By Stephanie Lewis
During the pandemic, your family’s Jewish Summer Camp experience has not been cancelled. It’s just been relocated. Inside your garage. What does this mean? First you need to think up an exotic Hebrew or Yiddish name they’ve never heard of. There are always lots of words starting with the letter “S.” But forget Camp Simcha or Camp Shalom. Those are already taken and now is the time to be extra creative. Who wouldn’t be proud to wear a tee-shirt with Camp Shmutz printed on it? Or Camp Schlepper?
Next slather on sunscreen and load the kids up in your mini-van, dispensing the Dramamine before you ever leave the driveway. Take a particularly harsh and out-of-the-way winding dirt path to your targeted destination, so they feel properly carsick. But before you reach this desired location, pull over to the side of the road and call Triple AAA. And never let them know exactly what went wrong. Think back. Was it ever an easy ride to camp on the bus when you were young? This will naturally trigger more eager anticipation for what comes next. By the way, when you went inside Target, (Your targeted destination, get it??) you should have stocked up on all things S’mor related. But you omitted the graham crackers because you knew you’d be using the stale matzah from Passover.
Finally arrive in front of your house with a big traditional Jewish fanfare. Hopefully while you were gone, one of the other Counselors-In-Training (known to you as your spouse) will have suspended an Israeli flag on your garage door. Continue your celebratory arrival by blowing a Shofar, spinning a dreidel, and shaking a lulav AND your booty. Immediately sit all the kids down on the overgrown front grass with pens and lined paper to write a letter home, since there will be massive postal delays receiving any mail in your living room because it’s always off limits, except for guests on Sundays. Now…let the tie-dying begin. Anything in your garage is fair game. Those ripped bath towels, beach blankets, and car-washing shmattahs will never look more colorful.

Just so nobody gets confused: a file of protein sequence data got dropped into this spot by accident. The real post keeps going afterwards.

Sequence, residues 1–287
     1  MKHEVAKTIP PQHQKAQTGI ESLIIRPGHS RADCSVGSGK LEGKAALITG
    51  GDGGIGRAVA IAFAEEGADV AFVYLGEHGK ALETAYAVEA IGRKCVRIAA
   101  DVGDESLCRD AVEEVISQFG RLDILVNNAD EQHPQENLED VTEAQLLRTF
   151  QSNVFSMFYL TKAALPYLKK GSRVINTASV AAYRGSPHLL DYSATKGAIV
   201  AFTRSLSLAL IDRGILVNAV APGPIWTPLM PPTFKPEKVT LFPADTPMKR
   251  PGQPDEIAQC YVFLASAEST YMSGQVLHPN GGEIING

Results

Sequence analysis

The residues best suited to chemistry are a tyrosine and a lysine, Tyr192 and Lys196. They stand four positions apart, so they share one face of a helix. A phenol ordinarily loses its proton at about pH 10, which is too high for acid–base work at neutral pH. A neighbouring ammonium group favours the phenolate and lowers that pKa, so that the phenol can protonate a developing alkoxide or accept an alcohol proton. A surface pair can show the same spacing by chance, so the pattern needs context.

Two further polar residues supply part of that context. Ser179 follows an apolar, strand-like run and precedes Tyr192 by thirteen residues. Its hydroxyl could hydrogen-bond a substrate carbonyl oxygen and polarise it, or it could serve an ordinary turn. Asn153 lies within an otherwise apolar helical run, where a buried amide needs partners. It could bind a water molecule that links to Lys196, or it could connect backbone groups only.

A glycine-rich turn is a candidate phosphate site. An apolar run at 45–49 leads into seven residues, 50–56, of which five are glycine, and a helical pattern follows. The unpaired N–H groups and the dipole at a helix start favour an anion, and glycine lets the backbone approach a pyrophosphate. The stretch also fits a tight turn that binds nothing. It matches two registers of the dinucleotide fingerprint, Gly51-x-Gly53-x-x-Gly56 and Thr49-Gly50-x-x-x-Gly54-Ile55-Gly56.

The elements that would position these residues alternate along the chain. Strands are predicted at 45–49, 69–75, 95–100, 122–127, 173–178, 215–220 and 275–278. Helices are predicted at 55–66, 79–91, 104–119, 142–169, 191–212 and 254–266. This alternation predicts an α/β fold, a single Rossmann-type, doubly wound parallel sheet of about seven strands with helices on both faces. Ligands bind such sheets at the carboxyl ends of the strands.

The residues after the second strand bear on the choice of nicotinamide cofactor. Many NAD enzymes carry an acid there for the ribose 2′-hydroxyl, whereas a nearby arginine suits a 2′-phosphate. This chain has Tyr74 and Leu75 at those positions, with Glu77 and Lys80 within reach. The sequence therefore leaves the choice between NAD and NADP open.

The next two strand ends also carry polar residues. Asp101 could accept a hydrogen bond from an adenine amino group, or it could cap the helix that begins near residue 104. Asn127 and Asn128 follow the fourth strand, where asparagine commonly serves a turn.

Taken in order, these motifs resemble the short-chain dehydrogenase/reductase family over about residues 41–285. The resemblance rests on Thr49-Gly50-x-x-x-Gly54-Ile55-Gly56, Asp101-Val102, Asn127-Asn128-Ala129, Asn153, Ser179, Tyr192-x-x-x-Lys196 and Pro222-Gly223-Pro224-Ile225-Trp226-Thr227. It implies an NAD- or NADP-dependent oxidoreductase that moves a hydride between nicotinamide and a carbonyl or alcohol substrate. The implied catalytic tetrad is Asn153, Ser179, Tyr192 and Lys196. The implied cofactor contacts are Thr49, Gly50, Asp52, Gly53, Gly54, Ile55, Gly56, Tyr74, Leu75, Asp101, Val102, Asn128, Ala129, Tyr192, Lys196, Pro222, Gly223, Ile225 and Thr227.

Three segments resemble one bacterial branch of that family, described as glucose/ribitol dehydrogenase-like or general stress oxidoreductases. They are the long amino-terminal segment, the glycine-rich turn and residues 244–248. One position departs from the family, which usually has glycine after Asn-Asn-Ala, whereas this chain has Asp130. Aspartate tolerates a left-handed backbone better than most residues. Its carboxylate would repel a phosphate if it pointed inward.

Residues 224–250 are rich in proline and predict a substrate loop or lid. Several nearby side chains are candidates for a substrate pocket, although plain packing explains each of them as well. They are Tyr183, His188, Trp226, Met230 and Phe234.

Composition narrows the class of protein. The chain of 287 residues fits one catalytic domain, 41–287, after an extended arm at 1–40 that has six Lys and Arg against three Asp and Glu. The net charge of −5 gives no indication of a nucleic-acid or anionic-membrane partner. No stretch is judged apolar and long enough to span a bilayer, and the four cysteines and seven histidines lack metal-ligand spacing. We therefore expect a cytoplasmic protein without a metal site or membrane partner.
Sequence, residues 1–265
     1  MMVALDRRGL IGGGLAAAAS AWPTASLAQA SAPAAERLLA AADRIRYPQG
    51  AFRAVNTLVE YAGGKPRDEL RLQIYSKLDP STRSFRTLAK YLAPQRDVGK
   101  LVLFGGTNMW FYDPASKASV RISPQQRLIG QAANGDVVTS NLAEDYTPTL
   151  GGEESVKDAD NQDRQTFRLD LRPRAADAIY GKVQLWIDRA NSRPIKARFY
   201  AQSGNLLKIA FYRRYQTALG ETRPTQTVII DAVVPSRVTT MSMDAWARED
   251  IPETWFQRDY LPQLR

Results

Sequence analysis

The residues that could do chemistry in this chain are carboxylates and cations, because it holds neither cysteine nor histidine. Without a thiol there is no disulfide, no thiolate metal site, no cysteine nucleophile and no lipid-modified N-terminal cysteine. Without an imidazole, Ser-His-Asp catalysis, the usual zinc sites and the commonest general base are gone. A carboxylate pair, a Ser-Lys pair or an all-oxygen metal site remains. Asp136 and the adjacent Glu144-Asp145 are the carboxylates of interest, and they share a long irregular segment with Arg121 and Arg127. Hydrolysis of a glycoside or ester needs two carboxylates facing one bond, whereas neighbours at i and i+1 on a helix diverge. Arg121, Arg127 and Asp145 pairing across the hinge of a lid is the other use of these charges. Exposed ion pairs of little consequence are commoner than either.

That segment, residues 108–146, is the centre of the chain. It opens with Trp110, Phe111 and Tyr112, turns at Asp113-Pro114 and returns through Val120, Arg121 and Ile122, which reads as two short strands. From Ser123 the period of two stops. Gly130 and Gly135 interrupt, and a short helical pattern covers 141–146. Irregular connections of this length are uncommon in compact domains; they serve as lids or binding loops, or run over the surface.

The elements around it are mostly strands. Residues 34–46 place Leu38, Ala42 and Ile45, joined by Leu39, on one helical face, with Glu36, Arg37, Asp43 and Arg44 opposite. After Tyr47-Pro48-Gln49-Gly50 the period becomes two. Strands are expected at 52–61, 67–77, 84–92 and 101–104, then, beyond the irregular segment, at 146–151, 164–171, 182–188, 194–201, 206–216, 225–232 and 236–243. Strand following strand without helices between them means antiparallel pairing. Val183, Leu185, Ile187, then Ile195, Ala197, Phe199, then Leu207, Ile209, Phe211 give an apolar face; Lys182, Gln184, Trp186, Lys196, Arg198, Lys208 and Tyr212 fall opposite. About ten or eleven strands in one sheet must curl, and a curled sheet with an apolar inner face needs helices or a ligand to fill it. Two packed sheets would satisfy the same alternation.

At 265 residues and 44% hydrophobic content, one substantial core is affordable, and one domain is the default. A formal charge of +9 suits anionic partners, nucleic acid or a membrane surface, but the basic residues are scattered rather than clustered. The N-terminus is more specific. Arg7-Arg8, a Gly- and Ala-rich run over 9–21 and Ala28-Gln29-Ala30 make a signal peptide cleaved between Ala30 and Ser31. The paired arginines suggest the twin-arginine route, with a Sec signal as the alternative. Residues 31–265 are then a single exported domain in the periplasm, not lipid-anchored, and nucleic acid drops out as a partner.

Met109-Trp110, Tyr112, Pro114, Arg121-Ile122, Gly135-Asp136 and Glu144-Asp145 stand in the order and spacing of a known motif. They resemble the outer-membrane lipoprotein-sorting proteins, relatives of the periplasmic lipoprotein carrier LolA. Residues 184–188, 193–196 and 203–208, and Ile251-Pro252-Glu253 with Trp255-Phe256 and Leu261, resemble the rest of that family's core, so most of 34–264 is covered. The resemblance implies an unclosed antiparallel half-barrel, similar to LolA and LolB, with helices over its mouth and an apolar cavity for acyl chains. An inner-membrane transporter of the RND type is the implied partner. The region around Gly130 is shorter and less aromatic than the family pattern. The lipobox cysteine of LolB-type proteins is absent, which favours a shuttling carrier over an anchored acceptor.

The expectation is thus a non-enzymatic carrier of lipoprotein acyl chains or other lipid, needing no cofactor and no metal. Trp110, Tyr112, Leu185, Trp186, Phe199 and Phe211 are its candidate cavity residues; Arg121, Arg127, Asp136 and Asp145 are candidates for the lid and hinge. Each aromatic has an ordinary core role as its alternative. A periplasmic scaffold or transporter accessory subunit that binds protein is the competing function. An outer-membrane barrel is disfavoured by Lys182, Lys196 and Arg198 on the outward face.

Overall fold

But now you need a camp song. Though your garage is quite messy, the song should not in any way resemble the Clean-Up song from that KPBS show, Barney the Dinosaur. But it should have a lot of clapping, whistling, stomping, and maybe booing in it — and remind children of Purim. And in order to sing the song sitting in a big traditional camp circle, you’ll need to clear some space on the garage floor by returning stray items to their rightful place on shelves and inside storage units. Refer to this as your Camp Parade.
There will still be many extra cardboard boxes and empty cartons in your garage from when you moved in eight/ten years ago. But definitely think outside-the-box when it comes to arts n’ crafts and other programs. At Jewish camp, kids will be expecting lots of food, so feel free to also give Eating a Hebrew/Yiddish name and tada…..a new camp activity is born! This means in your Daily Camp Schedule you can list, “Fressing” as the morning enrichment, “Noshing” as a midday adventure, and “Potchke-ing Around the Kitchen” will be substantial evening entertainment. But remember the boxes above? Every camper loves receiving care-packages filled with goodies, but now a new mitzvah project reverses this idea. It’s called ‘Packing Up Garage Sale Flops and Driving Them to Goodwill.’ Refer to this boring chore as their first Field Trip and bring a cowbell to ring and your kids will find the entire premise exhilarating. Especially if you promise them a little Gaga (a favorite Jewish camp sport with a ball) afterwards, and then on the way home blast the song, “Shallow” from A Star is Born on your car stereo. Now remember the overgrown grass where they wrote letters home mentioned above? Complete your Home Improvement, err I mean Jewish Camp Experience, with each child getting a turn using the lawnmower and the edger. Nu? Nobody read the fine print? This was actually Jewish Landscaping Camp.
Stephanie D. Lewis appears in The Huffington Post and at OnceUponYourPrime.com